Comparison between Two Types of Anaerobic Speed Endurance Training in Competitive Soccer Players

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Magni Mohr, Peter Krustrup

The purpose of the present study was to examine the effects of additional in-season speed endurance production versus speed endurance maintenance training regimes on performance in competitive male soccer players. In a randomised controlled trial 18 male sub-elite players were exposed to additional speed endurance production (SEP) or speed endurance maintenance (SEM) training (two additional sessions/wk for 4 weeks) during the competitive season. Players performed the Yo-Yo intermittent recovery level 2 test (YYIR2) and a repeated sprint test (RST) pre- and post-intervention. Yo-Yo IR2 performance increased (p<0.001) by 50 ± 8% and 26 ± 5% in SEP and SEM, respectively, with greater (p=0.03) improvement in SEP. RST performance improved by 2.1 ± 0.3% and 1.3 ± 0.4% in SEP and SEM, respectively, while the RST fatigue index decreased (4.4 ± 0.8 to 3.4 ± 0.5%; p<0.04) in SEP only. Peak and average speed during training were higher (p<0.001) in SEP than in SEM (24.5 ± 0.3 vs 19.2 ± 0.3 and 15.5 ± 0.1 km·h-1 vs 9.4 ± 0.1 km·h-1). Additional in-season anaerobic speed endurance production and maintenance training improves high-intensity exercise performance in competitive soccer players with superior effects of speed endurance production training.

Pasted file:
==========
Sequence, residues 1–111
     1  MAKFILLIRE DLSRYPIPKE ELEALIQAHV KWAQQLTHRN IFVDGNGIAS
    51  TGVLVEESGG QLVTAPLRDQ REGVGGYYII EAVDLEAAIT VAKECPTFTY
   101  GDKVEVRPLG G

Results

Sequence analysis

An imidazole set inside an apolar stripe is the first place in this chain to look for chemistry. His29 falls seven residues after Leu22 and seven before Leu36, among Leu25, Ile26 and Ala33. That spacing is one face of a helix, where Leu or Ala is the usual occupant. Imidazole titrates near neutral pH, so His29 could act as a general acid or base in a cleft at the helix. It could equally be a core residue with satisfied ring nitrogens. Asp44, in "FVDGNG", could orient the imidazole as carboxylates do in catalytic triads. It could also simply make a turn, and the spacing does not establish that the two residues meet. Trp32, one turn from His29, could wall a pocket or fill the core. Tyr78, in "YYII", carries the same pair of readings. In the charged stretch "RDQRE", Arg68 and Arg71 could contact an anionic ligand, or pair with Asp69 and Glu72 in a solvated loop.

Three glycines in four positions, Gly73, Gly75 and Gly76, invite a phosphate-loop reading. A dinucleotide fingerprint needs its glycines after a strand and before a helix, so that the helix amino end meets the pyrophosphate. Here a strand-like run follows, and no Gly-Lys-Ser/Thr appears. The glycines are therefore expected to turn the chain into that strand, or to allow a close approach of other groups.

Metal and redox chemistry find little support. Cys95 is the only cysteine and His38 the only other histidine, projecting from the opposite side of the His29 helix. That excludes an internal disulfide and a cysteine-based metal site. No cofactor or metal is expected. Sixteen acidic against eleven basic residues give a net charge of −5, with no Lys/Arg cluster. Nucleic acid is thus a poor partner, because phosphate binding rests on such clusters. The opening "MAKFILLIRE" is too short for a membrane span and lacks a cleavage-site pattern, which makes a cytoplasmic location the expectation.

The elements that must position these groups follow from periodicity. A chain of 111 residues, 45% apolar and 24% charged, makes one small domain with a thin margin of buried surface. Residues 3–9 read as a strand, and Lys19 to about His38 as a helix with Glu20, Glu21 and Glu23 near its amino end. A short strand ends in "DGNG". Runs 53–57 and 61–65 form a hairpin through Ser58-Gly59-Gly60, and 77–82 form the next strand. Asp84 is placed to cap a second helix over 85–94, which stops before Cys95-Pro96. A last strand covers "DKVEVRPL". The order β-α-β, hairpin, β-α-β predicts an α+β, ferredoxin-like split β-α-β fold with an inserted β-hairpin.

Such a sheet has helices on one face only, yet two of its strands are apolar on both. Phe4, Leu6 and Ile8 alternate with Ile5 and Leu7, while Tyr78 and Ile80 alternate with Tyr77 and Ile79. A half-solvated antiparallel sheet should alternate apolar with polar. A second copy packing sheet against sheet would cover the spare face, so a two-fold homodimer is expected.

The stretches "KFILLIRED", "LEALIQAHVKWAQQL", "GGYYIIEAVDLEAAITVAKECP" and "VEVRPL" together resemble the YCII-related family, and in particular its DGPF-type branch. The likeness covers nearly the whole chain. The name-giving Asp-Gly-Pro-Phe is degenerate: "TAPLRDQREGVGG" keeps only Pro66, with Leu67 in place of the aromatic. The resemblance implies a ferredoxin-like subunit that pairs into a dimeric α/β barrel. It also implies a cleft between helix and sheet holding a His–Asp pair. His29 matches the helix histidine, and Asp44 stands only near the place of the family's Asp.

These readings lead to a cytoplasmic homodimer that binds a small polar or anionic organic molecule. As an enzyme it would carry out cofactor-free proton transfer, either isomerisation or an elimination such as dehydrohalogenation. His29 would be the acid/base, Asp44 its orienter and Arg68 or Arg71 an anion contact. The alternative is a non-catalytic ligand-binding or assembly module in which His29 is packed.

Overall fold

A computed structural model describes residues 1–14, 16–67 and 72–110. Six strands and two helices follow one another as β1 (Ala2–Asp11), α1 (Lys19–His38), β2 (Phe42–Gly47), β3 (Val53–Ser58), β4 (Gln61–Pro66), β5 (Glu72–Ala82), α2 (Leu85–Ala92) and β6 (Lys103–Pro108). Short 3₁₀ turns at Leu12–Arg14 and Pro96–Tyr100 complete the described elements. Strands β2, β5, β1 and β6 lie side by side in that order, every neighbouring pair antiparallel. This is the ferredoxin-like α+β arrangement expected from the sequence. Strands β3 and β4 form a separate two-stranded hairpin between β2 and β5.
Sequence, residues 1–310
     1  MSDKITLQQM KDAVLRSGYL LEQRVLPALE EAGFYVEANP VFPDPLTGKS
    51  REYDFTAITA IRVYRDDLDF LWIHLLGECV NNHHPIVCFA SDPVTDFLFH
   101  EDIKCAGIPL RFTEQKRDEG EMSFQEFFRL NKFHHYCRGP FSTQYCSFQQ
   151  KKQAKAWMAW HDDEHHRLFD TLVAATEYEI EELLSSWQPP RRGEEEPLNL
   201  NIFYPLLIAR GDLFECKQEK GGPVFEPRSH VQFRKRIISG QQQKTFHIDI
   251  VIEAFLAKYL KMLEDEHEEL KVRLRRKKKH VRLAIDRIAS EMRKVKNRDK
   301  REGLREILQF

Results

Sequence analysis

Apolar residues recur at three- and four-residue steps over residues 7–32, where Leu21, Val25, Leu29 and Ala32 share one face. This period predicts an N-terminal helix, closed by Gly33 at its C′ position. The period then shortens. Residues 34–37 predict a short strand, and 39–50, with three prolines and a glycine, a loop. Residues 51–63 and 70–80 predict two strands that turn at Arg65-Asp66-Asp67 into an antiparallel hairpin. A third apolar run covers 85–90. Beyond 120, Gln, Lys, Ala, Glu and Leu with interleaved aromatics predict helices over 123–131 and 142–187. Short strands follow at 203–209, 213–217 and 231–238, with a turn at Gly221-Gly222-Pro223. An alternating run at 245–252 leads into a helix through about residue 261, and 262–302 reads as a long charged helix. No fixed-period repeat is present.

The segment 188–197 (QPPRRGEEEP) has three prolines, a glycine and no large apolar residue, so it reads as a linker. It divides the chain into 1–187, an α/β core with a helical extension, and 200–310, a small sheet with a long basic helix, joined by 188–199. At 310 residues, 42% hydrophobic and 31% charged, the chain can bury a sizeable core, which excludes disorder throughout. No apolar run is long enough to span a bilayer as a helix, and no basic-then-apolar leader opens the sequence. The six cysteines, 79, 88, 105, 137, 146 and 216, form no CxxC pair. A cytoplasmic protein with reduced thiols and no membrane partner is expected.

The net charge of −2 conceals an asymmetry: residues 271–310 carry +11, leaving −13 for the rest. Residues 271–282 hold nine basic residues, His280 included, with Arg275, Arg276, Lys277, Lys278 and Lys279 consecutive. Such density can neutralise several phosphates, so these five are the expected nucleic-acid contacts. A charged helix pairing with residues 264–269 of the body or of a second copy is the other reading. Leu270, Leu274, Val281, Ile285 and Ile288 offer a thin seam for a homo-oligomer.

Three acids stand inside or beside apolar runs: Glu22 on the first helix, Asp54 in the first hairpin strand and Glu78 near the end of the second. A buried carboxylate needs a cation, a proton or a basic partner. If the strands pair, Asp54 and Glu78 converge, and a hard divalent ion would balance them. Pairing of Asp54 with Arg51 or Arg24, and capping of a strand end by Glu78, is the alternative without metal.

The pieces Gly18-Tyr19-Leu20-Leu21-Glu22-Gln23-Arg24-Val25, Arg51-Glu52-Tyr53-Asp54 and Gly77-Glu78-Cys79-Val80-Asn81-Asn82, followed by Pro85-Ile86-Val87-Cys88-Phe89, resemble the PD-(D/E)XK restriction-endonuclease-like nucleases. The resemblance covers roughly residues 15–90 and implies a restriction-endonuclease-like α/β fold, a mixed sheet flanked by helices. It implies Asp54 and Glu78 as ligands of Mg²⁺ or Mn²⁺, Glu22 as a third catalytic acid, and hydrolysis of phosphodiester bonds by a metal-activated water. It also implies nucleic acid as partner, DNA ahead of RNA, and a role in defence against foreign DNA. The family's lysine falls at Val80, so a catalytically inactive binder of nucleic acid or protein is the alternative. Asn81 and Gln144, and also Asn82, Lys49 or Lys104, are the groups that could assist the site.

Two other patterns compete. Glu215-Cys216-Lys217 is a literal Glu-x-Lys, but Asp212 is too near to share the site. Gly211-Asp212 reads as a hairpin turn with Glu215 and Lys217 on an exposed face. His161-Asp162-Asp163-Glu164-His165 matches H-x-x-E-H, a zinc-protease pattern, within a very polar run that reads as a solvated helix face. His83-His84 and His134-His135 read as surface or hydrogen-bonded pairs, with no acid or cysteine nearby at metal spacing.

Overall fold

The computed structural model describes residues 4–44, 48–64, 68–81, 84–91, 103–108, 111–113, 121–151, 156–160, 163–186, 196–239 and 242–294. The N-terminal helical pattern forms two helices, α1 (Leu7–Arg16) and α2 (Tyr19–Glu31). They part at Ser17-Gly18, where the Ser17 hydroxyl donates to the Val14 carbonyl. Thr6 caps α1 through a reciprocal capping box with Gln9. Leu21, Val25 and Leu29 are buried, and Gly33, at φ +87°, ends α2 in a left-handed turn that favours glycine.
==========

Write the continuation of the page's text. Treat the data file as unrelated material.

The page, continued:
DOI: 10.1515/hukin-2015-0181
Key words
adaptation effects, exercise testing, GPS, football

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